Last week, Trump signed an executive order that enabled the federal government to prohibit U.S. companies from buying telecom equipment from foreign companies at their discretion.
This week, the full damage began to feel apparent to China’s fastest-growing smartphone powerhouse, Huawei. American companies, at the behest of Trump and company, began turning on the Chinese giant, and what they’re stripping away will undoubtedly impact Huawei in a material way. Huawei may soon have to deal without simple, little things like — I don’t know — access to the non-open-sourced version of Android or possibly the prevailing chip architectures in modern smartphones, or Google’s app store.Here are some of the parties at play that may be leaving Huawei by the wayside. ARM. Intel, Qualcomm, Xilinx and Broadcom. Google.
Basically, the past week has stripped away decades of the American smartphone technology backbone and ensured that Huawei is going to have to DIY its future success in these arenas. The ban was placed, officially, because the U.S. government didn’t want America being placed at risk of espionage, but it’s also a clear move in escalating trade war tensions.Shoot me tips or feedback on Twitter @lucasmtny or email firstname.lastname@example.org
What hangs in the balance is more than just Huawei’s imminent business health, but the fact that China and the U.S. can start taking aim against each other’s tech giants as uniform trade war chess moves. This week it’s Huawei, but if the perfect deal lingers, could Apple be next?
Dünzl/ullstein bild via Getty Images
Here are a few big news items from big companies, with green links to all the sweet, sweet added context.
- Apple tries another fix for its failing keyboard design Apple’s butterfly keyboards have been one of the biggest product embarrassments for the company since the Apple Maps launch, but after already having made design changes that weren’t completely effective, Apple is giving it another go. They’ve made the bold call of not actually saying what it fixed, but the folks at iFixit tore down the new machines and the changes look minimal.
- Oculus bets the VR farmFacebook’s VR promises haven’t quite delivered over the past few years, but this week the company started shipping the Oculus Rift S and, more importantly, the Oculus Quest, which is the best product it has made by far. Whether its quality is enough to bring people into headsets for $399 a pop is a very good question though.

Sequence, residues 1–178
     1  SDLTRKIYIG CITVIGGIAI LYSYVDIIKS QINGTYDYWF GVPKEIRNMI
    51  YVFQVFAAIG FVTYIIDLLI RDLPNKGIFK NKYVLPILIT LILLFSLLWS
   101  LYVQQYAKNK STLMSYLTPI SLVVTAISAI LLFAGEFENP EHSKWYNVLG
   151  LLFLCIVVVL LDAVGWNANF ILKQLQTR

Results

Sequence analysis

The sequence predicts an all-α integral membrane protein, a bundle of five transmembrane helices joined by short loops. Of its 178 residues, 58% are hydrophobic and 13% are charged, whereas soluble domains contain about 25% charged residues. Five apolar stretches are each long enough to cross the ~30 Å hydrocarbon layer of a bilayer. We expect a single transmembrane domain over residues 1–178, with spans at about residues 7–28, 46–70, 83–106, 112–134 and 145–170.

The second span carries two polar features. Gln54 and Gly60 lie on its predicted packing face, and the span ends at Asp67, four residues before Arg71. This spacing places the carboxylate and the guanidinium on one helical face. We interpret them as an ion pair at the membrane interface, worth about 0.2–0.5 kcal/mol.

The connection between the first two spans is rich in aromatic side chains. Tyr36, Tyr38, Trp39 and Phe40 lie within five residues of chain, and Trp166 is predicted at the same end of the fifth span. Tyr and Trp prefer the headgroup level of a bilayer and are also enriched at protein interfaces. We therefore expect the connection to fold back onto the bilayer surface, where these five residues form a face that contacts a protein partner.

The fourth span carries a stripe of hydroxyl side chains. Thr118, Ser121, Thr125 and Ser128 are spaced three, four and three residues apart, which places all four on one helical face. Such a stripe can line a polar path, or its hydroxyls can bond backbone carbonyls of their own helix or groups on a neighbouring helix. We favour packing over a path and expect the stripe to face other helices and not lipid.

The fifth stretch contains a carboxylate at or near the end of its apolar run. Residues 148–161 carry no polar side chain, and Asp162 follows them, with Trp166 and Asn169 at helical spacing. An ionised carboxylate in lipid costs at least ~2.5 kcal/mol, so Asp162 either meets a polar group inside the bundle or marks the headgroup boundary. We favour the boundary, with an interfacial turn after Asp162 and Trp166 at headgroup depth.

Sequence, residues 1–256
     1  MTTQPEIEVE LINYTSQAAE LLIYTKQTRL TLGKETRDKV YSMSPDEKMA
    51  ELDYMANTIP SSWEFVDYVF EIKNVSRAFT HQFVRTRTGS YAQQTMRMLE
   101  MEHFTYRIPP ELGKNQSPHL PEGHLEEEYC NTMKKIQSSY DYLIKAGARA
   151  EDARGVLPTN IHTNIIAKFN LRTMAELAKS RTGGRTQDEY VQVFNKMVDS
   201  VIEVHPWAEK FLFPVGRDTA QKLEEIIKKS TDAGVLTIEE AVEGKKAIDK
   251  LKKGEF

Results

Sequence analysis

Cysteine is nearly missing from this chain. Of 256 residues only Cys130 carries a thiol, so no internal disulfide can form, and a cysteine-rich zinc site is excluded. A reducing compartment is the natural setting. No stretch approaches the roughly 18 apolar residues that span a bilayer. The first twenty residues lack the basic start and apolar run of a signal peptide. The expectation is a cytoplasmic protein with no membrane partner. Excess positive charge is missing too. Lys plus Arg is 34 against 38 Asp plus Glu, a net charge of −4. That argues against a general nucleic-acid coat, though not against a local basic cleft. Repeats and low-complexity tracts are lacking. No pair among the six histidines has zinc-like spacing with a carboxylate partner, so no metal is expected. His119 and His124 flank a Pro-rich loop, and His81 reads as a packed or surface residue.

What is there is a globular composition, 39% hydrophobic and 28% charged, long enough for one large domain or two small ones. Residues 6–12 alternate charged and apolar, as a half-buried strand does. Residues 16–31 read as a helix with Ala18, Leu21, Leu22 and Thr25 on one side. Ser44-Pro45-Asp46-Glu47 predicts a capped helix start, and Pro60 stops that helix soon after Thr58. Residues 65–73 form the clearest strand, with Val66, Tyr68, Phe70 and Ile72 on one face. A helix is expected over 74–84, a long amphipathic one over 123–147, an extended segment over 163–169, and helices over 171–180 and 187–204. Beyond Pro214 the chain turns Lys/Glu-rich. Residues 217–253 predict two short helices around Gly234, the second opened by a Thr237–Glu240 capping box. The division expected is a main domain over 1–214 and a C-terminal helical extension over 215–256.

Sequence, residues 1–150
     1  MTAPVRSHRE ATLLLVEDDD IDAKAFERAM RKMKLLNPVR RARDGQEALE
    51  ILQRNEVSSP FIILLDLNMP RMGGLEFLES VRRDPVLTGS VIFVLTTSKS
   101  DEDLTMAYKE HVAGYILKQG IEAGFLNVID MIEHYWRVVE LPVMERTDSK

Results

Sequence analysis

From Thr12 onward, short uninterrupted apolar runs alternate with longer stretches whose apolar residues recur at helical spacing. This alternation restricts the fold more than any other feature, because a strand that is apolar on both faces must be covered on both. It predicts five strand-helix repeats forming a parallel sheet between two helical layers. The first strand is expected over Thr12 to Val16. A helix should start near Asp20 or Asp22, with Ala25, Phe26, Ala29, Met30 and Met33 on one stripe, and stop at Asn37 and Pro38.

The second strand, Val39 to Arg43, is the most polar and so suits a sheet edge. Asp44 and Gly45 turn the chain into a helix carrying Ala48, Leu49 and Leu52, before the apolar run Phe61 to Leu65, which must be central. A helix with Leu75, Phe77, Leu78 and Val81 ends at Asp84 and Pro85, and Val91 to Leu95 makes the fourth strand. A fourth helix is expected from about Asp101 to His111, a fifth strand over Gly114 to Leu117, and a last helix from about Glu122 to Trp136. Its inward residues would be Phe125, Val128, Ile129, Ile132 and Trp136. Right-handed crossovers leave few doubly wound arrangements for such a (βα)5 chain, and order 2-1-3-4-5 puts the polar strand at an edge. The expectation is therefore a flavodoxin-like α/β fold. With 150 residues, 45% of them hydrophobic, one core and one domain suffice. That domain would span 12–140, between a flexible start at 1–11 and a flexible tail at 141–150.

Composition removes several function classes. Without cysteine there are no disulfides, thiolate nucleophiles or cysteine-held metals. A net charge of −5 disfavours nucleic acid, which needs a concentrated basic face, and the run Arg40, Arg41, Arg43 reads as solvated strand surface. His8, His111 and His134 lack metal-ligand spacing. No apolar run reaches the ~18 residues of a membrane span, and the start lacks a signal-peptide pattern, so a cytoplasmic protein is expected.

- Kumbaya OUYA Here’s a blast from the past; the OUYA, a $99 open Android gaming system that was one of Kickstarter’s biggest successes ever, is officially dying. The shell of the seven-year-old operation had already been acquired by Razer, but now the OUYA Store itself is sunsetting. Read more about its impending death here.
How did the top tech companies screw up this week? This clearly needs its own section, in order of awfulness:
- Google commits a cardinal data storage sin: [Google says some G Suite user passwords were stored in plaintext since 2005]
- EU data regulator takes aim at Google’s adtech: [Google’s lead EU regulator opens formal privacy probe of its adtech]
- EU gets angry at Facebook too: [Facebook found hosting masses of far-right EU disinformation networks]
- EU study showcases Facebook still has a lot of work to do in protecting elections: [Facebook still a great place to amplify pre-election junk news EU study finds]
- Google isn’t keeping a close enough eye on its ad empire: [Google updates ad policies following report on misleading anti-abortion ads]
Our premium subscription service had another week of interesting deep dives. I added another great interview to my series “The Exit,” where I profiled Jeremy Uzan, a Parisian VC who was an early investor in Drivy, on which Getaround just dropped $300 million. We talked a bit about the future of car ownership and a lot about SoftBank’s king-making abilities.
Here are some of our other top reads this week for premium subscribers. This week TechCrunch writers talked a bit about Huawei, a bit about AI and a bit about love…
- 10 Immigration tips for love-struck tech workers
- When will customers start buying all those AI chips?
- Why startups need to be careful about export licenses and the Huawei ban
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